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Git fatal: ‘origin’ does not appear to be a git repository Solution

James Gallagher - November 03, 2020

By default, a Git repository is not associated with a remote repository. If you try to push changes to a remote repository without first specifying its location, you’ll encounter the “fatal: ‘origin’ does not appear to be a git repository” error.

This guide talks about why this error is raised and what it means. We’ll walk through an example of this error so you can figure out how to fix it.

fatal: ‘origin’ does not appear to be a git repository

The git init command creates a new Git repository. This command only initializes a folder as a Git repository. It does not link a repository to a remote repository.

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In contrast, the git clone command does link a local repository to a remote one. This is because Git knows where the code from a project came from and uses the location you cloned to guess where you are going to be pushing commits.

The “fatal: ‘origin’ does not appear to be a git repository” error occurs when you set up a new repository and try to commit code without first instructing Git on where the code should be pushed.

An Example Scenario

We’re going to create a new repository, ck-git.

Make a new folder and initialize the folder as a Git repository:

mkdir ck-git
cd ck-git
git init

We have navigated into our new ck-git folder then we initialized a Git repository inside that folder. Now, create a file called with the following contents:


Our repository now has a file we can push to our remote repository. Before we can push our code, we need to add our file to our repository and commit that file:

git add
git commit -m "feat: Create"

The first command adds to the staging area. The second command creates a commit containing the changes made to all the files in the staging area.

Now that we’ve created a commit, we can push it to the master branch on our remote Git repo:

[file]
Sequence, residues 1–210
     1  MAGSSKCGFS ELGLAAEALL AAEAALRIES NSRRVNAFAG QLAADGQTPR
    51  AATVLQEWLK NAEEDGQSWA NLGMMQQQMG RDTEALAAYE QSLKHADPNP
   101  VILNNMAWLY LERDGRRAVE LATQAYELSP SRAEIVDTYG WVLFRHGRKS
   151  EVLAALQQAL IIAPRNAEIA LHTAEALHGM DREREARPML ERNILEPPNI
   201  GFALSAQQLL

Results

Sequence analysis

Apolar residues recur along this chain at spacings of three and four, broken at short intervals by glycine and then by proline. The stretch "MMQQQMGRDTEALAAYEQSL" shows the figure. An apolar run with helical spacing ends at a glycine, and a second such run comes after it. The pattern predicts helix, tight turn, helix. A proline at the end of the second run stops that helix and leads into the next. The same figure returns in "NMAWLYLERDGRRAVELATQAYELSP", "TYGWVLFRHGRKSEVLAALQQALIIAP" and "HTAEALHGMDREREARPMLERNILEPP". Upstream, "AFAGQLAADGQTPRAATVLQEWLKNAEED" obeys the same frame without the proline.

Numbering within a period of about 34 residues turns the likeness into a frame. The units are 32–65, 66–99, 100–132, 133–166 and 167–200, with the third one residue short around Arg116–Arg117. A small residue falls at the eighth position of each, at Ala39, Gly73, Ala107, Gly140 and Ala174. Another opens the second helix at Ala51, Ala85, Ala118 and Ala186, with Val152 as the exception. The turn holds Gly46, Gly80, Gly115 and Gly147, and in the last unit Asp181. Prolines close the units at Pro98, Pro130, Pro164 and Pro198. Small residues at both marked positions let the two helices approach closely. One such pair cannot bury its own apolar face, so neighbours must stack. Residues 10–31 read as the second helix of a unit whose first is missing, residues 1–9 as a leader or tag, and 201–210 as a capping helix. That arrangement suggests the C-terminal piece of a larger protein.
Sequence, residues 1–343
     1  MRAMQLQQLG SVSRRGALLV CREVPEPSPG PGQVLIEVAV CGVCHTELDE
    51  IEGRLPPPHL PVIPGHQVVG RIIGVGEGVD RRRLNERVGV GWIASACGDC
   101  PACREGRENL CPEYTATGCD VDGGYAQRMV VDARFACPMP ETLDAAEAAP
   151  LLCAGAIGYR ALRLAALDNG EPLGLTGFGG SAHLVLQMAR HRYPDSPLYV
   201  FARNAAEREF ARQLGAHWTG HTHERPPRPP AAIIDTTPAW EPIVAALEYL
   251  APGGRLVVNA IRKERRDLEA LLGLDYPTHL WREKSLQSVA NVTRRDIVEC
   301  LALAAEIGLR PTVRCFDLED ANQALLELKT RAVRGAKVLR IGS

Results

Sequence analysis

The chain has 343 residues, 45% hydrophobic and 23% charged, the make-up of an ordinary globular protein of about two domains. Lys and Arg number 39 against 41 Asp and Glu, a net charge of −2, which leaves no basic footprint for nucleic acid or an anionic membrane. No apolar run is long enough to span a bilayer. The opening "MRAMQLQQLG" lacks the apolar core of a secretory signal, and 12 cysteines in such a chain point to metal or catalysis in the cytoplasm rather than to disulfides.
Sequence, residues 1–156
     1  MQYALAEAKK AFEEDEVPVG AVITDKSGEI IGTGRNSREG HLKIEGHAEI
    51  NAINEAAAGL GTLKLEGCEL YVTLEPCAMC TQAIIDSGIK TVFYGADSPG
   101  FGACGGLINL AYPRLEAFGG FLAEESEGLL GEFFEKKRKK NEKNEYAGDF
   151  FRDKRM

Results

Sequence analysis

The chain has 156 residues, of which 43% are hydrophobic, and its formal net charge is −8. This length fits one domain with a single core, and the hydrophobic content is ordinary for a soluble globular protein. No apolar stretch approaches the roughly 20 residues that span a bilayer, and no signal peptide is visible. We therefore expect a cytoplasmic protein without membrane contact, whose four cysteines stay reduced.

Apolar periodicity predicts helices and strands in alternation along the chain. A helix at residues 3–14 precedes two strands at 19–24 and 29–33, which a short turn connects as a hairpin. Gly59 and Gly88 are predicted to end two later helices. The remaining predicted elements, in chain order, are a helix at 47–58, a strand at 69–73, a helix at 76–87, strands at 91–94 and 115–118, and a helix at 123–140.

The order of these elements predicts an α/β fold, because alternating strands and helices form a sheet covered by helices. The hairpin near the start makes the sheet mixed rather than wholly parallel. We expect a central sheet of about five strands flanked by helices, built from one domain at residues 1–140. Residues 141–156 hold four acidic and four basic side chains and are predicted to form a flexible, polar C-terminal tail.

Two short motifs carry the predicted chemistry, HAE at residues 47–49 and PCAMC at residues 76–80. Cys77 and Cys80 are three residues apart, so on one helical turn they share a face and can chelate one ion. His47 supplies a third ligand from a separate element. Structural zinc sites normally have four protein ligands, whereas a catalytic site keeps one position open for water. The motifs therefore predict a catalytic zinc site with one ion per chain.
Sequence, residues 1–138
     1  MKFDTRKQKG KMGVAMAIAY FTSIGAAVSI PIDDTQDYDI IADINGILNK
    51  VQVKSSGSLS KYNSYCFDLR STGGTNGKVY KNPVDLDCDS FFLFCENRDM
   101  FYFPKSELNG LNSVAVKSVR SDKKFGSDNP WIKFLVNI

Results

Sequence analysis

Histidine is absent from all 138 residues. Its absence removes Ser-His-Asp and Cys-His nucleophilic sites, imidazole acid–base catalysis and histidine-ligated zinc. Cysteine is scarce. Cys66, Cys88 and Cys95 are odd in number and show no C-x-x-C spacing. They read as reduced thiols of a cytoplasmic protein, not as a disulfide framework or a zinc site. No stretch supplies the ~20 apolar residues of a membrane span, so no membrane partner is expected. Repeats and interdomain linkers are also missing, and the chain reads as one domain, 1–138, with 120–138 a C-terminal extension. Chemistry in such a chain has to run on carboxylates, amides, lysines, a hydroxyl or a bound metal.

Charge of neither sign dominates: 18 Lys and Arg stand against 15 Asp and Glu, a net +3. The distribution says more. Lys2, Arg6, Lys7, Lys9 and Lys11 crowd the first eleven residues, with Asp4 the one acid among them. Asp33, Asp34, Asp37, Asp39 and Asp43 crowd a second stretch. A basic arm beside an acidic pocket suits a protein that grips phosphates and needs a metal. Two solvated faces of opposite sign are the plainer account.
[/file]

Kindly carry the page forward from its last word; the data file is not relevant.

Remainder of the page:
git push origin master

When we run this command, an error occurs:

Venus, a software engineer at Rockbot

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'origin' does not appear to be a git repository
fatal: Could not read from remote repository.

Make sure you have the correct access rights and the repository exists.

The Solution

We have not told Git the location of the “origin” repository. We’ve initialized a new repository using “git init” and so our repository is not linked to any remote repository by default.

To fix this error, we need to manually tell Git where the remote version of our repository exists. Do this using the git remote add command :

git remote add origin

This command tells Git the remote called “origin” should be associated with a particular URL. Git now knows where the remote version of our repository exists.

Let’s try to push our code again:

git push origin master

The Git command line successfully pushes our code to our remote repository.


The “fatal: ‘origin’ does not appear to be a git repository” error occurs when you try to push code to a remote Git repository without telling Git the location of the remote repository.

To solve this error, use the git remote add command to add a remote to your project.

Now you have the knowledge you need to fix this error like a professional programmer.

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James Gallagher

About the author: James Gallagher is a self-taught programmer and the technical content manager at Career Karma. He has experience in range of programming languages and extensive expertise in Python, HTML, CSS, and JavaScript. James has written hundreds of programming tutorials, and he frequently contributes to publications like Codecademy, Treehouse,, Afrotech, and others.

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